March 4th, 2019


Monday Update 3-4-19

These are some posts from the later part of last week in case you missed them:
Marriage and Health
Community Building Tip: Movie Night
Distinguishing Character Alignment
The Fridge Problem
Poem: "The Perfect Way of Moving"
Poem: "Cut With Our Own Dust"
Poem: "How We Correct Them"
Poem: "The Courage to Admit Them"
Meet Ugly Bingo Card 2-28-19
Young Sign Languages
Emotional Intimacy Question: Craziest Thing
Poem: "Like a Hand-Sewn Quilt"
New Game: Hako Onna
Sac Noir
Good News

Winners have been posted for the 2019 Rose and Bay Awards. Thank you for your support.

The next Poetry Fishbowl will be on Tuesday, March 5 with a theme of "Easterns as a Genre."

Poetry in Microfunding:

There are two open epics.  That means you can open a new one during the fishbowl if you wish. 

"A Cave Swarming with Strange Forms of Life" belongs to Polychrome Heroics: Iron Horses. Kenzie goes to Pretty Ears for counseling.

"So Many Notes and Colors and Flavors" belongs to Polychrome Heroics: Shiv. Heron and Shiv are comfort-cooking, and not everything goes smooth.

Weather here has been variable.  It was mild for a while, then we got a little snow, and now a cold snap.  Seen at the birdfeeders this week: a large flock of sparrows, a large flock of mourning doves, a small flock of dark-eyed juncos, a pair of cardinals, a female downy woodpecker, a male downy woodpecker, a rabbit, and a squirrel.

Losing Atolls

Most atolls will become uninhabitable starting from 2030-2060 due to sea-level rise.  The waves will not only cause worse structural damage but also wipe out supplies of fresh water.

If you live in areas threatened by rising waters, develop an exit plan.  It will be easier to move the sooner you do it, because eventually people will stop buying property there and you won't be able to cash out, so you'd have to leave with no return for starting anew elsewhere.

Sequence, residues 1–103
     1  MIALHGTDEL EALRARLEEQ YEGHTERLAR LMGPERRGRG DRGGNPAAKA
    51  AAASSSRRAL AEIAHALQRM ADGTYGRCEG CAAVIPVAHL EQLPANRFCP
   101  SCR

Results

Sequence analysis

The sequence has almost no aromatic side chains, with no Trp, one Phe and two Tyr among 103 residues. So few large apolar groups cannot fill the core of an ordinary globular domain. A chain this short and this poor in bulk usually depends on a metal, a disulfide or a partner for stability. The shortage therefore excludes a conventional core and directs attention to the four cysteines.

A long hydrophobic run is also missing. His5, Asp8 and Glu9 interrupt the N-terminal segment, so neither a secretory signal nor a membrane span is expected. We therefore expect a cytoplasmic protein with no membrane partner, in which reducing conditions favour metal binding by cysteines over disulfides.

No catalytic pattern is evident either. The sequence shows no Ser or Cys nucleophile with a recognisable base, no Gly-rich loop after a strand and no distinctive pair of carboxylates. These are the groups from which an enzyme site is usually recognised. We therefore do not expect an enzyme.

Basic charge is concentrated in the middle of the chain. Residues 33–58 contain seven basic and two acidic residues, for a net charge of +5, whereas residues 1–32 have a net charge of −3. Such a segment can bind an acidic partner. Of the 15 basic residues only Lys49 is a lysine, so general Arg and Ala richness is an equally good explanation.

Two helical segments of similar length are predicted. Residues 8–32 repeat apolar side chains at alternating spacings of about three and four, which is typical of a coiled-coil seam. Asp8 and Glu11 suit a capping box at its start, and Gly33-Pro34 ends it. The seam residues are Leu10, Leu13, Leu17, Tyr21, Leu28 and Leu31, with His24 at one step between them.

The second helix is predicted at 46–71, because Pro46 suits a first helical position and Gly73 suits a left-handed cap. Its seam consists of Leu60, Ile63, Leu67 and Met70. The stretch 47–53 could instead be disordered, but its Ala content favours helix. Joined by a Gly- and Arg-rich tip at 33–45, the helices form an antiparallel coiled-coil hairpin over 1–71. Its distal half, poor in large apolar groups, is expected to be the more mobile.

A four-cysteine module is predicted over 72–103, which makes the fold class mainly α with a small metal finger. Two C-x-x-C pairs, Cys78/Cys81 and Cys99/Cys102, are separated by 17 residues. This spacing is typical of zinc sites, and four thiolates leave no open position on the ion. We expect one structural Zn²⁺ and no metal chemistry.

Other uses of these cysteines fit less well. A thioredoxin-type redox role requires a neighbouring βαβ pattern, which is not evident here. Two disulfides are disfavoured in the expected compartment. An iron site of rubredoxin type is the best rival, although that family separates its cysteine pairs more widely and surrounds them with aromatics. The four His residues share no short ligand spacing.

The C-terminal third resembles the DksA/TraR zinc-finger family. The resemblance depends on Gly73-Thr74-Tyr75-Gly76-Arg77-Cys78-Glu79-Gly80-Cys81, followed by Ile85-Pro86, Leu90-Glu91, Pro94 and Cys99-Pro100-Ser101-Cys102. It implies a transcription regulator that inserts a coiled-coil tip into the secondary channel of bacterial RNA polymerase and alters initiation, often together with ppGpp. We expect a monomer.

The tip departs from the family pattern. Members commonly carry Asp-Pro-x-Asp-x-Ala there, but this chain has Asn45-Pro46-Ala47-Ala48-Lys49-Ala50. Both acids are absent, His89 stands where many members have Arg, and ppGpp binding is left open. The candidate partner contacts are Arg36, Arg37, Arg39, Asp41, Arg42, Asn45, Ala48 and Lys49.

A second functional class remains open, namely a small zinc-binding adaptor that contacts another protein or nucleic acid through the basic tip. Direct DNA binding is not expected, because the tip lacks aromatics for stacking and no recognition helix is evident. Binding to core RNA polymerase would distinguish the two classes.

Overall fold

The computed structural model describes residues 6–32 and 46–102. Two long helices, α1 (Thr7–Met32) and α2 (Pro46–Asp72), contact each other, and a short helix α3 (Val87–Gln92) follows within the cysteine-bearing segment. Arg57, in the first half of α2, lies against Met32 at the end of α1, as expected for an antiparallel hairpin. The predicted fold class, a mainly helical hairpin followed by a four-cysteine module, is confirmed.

Fresh Plants Better for Mental Health

Fresh fruits and vegetables are better for your mental health than canned or frozen ones.  One fairly obvious reason mentioned in the article is that preserving foods tends to reduce their nutrients.  However, a few methods such as fermenting can increase the nutrients.

One reason not mentioned, and not tracked on labels, is life energy.  This is accounted for in some systems that recommend eating fresh, raw, wholesome ingredients.  In general, eating foods which are alive (like yogurt or fresh-picked berries) or very recently alive (fresh potatoes that are boiled, or a lobster taken from a tank and slain just before it it hits your plate) give you more life energy than things which have been dead a long time.  The less messed-with, the more life energy; the more processed, the less life energy.  Also foods raised with joy and verve have much more life energy than those raised in desolate conditions.  So organic, pastured, wildcrafted, etc. tends to be more nourishing than factory-farmed stuff.

Going a step further, you can capitalize on the benefits of growing or at least picking some of your own food.  This can be a challenge for people with mental illness.  However, depression and activity don't like to live together!  Getting outside in the sunshine and fresh air is good for mental health; so are walking around and doing practical tasks.  Even if all you do is pick enough apples for the next few days, you're ahead of the game compared to buying a jar of applesauce at the store.

Captivity Prevents Extinction

Numerous species have been saved from extinction by captive populations.  When humans block that process, more species die out.  

I have told and told people that separating animals from humans is a death sentence for the animals.  If humans don't love them or find them useful, those animals cease to exist,  And when the numbers get small enough, only heroic action can save them.  Block that and they die.  So lobbying to ban zoos, aquaria, etc. is lobbying for animals to die out.  >_<

Plant Catalogs

I have set up selections from the spring catalogs.  This time I picked Burgess and Farmer Seed, both of which I've used before and will have by far the largest orders.  I split them out hoping they don't arrive on the same day.  Spring Hill is new to me and more expensive, but snagged my attention with a couple of nifty items.  Now it's just a matter of my partner Doug making the orders online.  \o/

I wanted to get this done sooner, but at least it's done before spring really arrives, and not way too late like some years.  Progress is good.